In what can only be described as quite the coincidence, the SIG P320 purchased by TTAG to drop test arrived back, all voluntarily upgraded, right as news of the Honor Guard’s safety failings was hitting the TTAG Drop Safety Desk. As you’d expect, we hit the range to make sure SIG’s changes did, in fact, result in a “drop safe” pistol and to see if this affected trigger pull quality . . .
As with the Honor Guard, I used a large rubber mallet to smack the rear of the P320’s slide. Despite wailing on it extremely hard, the gun did not discharge. In fact, the striker never slipped at all and the trigger remained active with a standard pull weight, distance, and break after any amount of hammering.
This was not the case prior to the voluntary upgrade, and is a far cry from what we found on the Honor Guard, which was dropping its striker and discharging with a fraction of the impact force.
No, sorry, we didn’t drop this pistol onto concrete again. Two reasons: SIG satisfied us with their own demonstrations of the upgraded gun’s drop safety, and the mallet test had been fully sufficient to cause pre-upgrade P320s to fire. No need to go mucking up the rear sight, slide, and frame (and RF’s garage floor) again.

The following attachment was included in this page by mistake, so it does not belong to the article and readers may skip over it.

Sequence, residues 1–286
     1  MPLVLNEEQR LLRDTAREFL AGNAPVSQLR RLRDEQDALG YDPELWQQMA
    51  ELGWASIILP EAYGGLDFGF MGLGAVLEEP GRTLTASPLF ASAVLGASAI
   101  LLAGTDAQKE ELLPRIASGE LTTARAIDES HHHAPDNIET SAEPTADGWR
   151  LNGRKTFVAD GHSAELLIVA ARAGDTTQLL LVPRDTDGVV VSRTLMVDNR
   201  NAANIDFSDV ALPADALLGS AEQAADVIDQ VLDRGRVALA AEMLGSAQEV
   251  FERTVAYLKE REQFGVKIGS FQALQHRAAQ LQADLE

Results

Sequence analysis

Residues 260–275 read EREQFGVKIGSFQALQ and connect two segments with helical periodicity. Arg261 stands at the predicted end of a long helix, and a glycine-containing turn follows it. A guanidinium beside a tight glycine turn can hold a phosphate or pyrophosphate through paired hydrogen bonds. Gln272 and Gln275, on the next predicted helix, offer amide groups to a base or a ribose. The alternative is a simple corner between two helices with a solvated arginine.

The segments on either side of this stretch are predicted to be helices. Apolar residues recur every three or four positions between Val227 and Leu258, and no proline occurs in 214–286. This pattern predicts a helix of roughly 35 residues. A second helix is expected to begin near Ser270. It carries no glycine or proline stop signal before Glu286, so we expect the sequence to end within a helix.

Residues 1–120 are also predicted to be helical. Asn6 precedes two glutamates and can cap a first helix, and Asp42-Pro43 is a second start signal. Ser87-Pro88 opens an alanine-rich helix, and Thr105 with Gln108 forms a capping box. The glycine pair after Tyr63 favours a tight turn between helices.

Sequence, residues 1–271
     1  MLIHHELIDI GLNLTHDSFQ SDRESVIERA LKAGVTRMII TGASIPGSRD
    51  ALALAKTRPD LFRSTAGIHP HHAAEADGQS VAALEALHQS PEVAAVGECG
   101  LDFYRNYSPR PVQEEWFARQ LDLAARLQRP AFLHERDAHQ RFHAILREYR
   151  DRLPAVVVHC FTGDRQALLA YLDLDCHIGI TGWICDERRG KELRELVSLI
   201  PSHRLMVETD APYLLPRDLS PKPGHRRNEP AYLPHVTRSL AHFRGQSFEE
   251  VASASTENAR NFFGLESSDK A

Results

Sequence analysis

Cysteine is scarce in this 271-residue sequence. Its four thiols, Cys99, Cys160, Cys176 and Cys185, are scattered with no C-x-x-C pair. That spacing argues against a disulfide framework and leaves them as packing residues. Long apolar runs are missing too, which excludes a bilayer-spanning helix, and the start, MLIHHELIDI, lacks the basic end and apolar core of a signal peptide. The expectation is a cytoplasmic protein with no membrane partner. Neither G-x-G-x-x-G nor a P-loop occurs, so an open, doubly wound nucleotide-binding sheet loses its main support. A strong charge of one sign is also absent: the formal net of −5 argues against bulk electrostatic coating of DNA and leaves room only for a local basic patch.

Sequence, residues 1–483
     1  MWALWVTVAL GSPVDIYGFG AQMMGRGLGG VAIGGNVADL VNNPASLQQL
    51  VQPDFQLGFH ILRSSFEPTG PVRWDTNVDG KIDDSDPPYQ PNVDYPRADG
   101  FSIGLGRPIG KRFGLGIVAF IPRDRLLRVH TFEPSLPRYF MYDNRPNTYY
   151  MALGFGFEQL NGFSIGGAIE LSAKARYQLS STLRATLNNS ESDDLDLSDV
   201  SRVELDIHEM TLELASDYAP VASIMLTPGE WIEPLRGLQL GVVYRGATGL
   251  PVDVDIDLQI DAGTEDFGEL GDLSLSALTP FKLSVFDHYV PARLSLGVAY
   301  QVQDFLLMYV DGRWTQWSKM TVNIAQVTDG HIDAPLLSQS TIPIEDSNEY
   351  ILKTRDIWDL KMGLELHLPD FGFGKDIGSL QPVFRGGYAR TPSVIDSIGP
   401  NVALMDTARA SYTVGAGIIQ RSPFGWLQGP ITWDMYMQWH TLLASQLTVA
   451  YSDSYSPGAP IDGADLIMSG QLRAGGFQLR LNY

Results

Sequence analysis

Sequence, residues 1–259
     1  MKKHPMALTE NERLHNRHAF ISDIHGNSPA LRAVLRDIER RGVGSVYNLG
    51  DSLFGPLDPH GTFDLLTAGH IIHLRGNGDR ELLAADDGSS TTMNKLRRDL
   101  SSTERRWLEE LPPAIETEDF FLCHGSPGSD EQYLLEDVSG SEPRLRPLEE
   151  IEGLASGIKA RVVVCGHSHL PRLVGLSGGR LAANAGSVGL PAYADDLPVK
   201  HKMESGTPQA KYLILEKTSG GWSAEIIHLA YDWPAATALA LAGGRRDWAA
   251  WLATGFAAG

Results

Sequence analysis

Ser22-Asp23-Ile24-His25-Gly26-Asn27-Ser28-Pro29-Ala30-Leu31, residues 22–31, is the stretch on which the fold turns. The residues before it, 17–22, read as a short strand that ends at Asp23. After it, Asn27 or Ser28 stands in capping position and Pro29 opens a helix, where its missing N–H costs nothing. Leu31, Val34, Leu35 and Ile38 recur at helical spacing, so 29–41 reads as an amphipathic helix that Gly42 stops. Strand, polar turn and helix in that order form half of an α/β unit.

I still wouldn’t call this the drop-safiest gun on the planet or anything, but I now trust it to handle any reasonable drop, impact, or vibration that a gun may see in regular EDC or duty use.
SIG has replaced the trigger shoe with a lower-mass version. Hollowed out on the back, it’s light weight and low drag. It increases drop safety by reducing the trigger’s inertia. It even looks better, too.
As for feel, it’s effectively the same. Same pull weight — this one’s right at 6 lbs, which is actually lighter than many pre-upgrade guns measured — same pull length, same clean break, same short-ish reset.
Some users will notice that the little “click” feel part way through the pre-upgrade gun’s trigger pull is now gone. If that was a gripe for you, as it was for some, then this voluntary safety upgrade can also be considered a trigger pull quality upgrade.
If you own a P320, go to SIG’s upgrade page here and get your gun upgraded. There’s zero cost to you and, as far as we can tell, zero reasons not to do it. The upgraded trigger looks better, feels slightly better, and is, of course, safer. Wins all around.